My take: Solid standard mixed league start

Paul Maholm, Braves (@MIA, @WAS): Maholm has been good at getting strikes looking for a few years now, but in his 12 starts with the Braves going back to last year, he has started getting more of the swinging variety. It's a small sample, to be sure, but it's a trend that bears watching. Meanwhile, we know that he can avoid walks and homers and that he should get a healthy amount of run support. If you need one more reason to start Maholm, take note that he is facing the Marlins.
My take: Solid standard mixed league start

Wei-Yin Chen, Orioles (@BOS, @NYY): Last season, only R.A. Dickey and Ian Kennedy induced swings more frequently than Chen, but sadly for him, he was far less deceptive. Though Chen didn't get that many strikeouts and allowed too many homers, low walk and line drive rates helped him to win 12 games and post a decent 1.26 WHIP. Chen could be due for some regression in his liner rate and WHIP, and that will leave him as someone who shouldn't be used in standard mixed leagues most weeks.
My take: Deeper mixed league start

Josh Beckett, Dodgers (@SD, @ARI): The combination of declining fastball velocity, strikeout and swinging strike rates was a troubling development for Beckett last season. He got only six whiffs against the Giants on Wednesday, but in all fairness, they're a good contact-hitting team. Beckett was certainly good enough to use in a two-start week two years ago, but unless he bounces back from last season's dropoff, he will often be more of a last-resort option in standard mixed leagues. For Week 2, though, Beckett has decent matchups, and there is a gaggle of mediocre two-start options, so go ahead and start him without hesitation this time.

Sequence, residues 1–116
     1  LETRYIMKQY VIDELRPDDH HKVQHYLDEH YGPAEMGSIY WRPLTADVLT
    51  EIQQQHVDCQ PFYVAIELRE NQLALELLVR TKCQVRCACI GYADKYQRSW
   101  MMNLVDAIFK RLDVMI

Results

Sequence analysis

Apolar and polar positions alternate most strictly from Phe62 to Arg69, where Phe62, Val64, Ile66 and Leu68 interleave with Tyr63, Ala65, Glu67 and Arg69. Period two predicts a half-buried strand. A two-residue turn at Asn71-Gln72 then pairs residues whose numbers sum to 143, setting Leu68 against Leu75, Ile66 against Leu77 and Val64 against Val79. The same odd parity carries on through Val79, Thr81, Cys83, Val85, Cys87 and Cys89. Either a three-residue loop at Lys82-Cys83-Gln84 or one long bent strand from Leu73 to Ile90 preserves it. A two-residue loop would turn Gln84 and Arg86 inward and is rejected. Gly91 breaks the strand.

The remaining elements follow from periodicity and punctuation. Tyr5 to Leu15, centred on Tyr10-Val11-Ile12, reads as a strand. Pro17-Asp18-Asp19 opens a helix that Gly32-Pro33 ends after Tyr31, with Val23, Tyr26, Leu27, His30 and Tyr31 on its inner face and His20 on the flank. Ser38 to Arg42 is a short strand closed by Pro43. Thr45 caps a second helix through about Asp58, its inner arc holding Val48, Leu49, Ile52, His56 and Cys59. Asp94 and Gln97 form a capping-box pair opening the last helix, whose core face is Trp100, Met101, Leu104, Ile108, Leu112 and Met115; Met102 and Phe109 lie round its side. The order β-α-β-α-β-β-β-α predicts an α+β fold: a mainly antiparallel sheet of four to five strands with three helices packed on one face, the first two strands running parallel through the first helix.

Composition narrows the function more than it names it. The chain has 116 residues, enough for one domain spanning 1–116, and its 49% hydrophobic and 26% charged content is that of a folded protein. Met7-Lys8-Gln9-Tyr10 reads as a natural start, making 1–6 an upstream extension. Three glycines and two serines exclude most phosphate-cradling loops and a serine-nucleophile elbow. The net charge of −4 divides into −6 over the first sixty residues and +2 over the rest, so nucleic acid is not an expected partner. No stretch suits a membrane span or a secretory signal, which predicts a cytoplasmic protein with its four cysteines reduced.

My take: Solid standard mixed league start

Wandy Rodriguez, Pirates (@ARI, CIN): Rodriguez's strikeout and whiff rates have been sagging for years, and last season they took a plunge. Without an above-average K-rate, Rodriguez is merely one of many contact pitchers with decent control and ground ball tendencies. That profile makes him worth using in standard mixed leagues mainly when he has a two-start week, though this week he has a pair of matchups that should be more challenging than his season debut against the Cubs.
My take: Marginal standard mixed league start

Edwin Jackson, Cubs (MIL, SF): Jackson got his season started off right with a solid outing at Pittsburgh. Home runs have been a problem at times for the well-traveled veteran, and while Wrigley Field has been a decent power park for righties, Jackson has done a good job of containing them over the last three seasons.
My take: Marginal standard mixed league start